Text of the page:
When you look at the browser usage statistics, you will notice that Mozilla Firefox is still doing quite well on desktop computers. On Android, Firefox’s usage share isn’t great at all. Statcounter, one of the usage share tracking companies, sees Firefox at 0.5% of the mobile market, but at 7.8% of the desktop market.
Mozilla released a new version of Firefox for Android a while ago, hoping that the move would give the mobile browser a much-needed boost. While usage figures have remained more or less stable at around 0.5%, it has limited one of Firefox for Android’s main distinguishing factors: add-ons.
Firefox Stable for Android now supports a handful of extensions, unlike most of the extensions that were previously available for Firefox. While the list includes popular options like uBlock Origin, NoScript or Dark Reader, it lacks compared to the previous version of Firefox.
Mobile browser inequality
Google Chrome and Apple Safari have a clear advantage on mobile as they ship by default with most mobile devices. Chrome is the default browser on most Android devices, and on Apple mobile devices, it’s the company’s Safari browser. Samsung’s mobile browser is in third place and also has an advantage as it is the default web browser on Samsung devices (with Chrome also installed).
It remains to be seen whether the Digital Markets Act in the European Union will have a level playing field. Even if it does have an impact, it will only affect the market in the European Union and not elsewhere.
A possible solution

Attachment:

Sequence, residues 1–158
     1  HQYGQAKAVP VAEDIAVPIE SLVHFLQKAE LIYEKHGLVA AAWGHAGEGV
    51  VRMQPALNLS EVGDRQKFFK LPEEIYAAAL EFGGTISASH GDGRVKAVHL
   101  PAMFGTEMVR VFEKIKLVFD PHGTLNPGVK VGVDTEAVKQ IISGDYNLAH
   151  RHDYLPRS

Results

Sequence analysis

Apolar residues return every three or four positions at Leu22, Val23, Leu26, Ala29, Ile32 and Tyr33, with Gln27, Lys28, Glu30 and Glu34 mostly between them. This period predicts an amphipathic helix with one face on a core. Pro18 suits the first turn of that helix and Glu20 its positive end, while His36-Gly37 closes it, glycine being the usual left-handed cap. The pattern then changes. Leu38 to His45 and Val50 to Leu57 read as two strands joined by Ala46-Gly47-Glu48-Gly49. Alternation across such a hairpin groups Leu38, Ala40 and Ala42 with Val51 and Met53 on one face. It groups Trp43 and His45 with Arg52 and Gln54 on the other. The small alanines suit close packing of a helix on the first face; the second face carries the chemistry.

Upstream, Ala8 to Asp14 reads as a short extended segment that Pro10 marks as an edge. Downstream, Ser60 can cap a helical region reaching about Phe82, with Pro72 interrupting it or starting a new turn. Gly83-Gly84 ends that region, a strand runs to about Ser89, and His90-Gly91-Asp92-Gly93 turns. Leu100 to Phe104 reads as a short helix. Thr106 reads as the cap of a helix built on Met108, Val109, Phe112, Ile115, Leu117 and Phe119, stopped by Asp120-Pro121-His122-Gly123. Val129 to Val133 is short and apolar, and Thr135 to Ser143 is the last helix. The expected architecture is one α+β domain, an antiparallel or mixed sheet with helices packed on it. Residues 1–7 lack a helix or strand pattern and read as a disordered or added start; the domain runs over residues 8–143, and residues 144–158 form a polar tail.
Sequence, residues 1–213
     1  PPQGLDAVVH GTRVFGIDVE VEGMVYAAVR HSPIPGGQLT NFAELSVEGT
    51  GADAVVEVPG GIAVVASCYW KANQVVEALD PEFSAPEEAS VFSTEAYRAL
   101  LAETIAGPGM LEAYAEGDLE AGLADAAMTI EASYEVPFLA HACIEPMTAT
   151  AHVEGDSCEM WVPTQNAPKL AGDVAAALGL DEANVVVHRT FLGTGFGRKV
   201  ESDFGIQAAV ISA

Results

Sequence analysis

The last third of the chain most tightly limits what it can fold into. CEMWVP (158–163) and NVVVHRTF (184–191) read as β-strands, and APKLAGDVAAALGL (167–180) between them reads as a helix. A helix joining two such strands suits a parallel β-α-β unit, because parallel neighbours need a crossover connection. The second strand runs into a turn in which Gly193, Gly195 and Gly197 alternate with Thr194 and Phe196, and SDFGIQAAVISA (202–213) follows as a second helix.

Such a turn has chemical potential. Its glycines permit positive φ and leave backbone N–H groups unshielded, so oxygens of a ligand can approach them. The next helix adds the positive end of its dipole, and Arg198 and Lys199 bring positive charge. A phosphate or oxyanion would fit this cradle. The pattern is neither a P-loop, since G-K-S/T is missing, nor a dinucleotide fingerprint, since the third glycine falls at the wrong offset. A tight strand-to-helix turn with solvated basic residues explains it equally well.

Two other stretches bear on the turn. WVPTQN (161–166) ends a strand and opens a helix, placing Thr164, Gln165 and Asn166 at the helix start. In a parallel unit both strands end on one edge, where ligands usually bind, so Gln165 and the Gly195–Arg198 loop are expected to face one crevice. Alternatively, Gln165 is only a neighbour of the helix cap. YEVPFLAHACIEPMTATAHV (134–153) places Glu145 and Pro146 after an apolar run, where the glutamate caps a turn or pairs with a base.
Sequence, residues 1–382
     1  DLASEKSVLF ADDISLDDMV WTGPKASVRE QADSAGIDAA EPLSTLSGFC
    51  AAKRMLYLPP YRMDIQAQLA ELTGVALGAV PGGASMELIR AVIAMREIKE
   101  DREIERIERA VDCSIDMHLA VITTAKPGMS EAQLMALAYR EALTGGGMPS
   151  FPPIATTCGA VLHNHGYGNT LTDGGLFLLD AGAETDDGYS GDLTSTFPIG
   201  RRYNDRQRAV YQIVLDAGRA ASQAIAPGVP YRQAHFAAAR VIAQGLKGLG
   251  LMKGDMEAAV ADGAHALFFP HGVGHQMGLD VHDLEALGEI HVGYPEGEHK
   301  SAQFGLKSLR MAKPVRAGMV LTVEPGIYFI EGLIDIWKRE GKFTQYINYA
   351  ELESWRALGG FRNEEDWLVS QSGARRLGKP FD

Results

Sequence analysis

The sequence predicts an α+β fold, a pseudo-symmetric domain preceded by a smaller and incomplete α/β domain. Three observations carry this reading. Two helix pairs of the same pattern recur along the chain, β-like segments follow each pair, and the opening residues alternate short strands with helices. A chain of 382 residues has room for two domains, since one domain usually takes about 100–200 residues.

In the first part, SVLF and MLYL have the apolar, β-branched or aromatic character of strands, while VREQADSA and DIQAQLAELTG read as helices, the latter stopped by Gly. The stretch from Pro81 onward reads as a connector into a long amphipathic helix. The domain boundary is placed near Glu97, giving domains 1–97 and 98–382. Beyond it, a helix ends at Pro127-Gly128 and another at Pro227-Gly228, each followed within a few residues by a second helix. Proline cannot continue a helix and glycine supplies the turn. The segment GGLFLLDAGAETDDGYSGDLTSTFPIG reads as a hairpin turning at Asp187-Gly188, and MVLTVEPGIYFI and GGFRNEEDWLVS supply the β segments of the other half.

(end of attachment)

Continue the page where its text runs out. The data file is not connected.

To compete, mobile browsers must offer features that Chrome or Safari do not. It will be hard for Mozilla to compete on a technological level, for example, make Firefox feel much faster than Chrome on Android, or beat Chrome when it comes to support for innovative new technologies.
One option Mozilla has is to make Firefox for Android the most private browser available on Android. If you check out the latest privacy test for Android browsers, you’ll notice that several other browsers outperform Firefox when it comes to privacy. (Note: The site is run by a Brave employee)
Only a fraction of internet users care about these privacy tests and whether or not a browser is fingerprint resistant.
Here’s my proposal: reach an agreement with the developer of uBlock Origin to get the extension natively integrated into Firefox. Start it by default using sensitive settings that provide a good level of protection and web compatibility.
Firefox would feel lightning fast on mobile thanks to the built-in content blocker, and battery usage would also improve as a consequence. Mozilla could implement better options to disable content blocking on certain sites to highlight that this would help sites that rely on advertising to survive.
The downside of this would be that Mozilla would lose a large portion of the revenue that comes from Android. Mozilla relies on a Google search partnership for much of its revenue. It’s not clear how much the Android browser contributes to this. Mozilla might look for another search company, one that respects privacy when it comes to searches.
Alternatively, Mozilla could try to generate revenue through donations.
Now you: what do you think of the proposal? How would you try to increase the market share of Firefox for Android?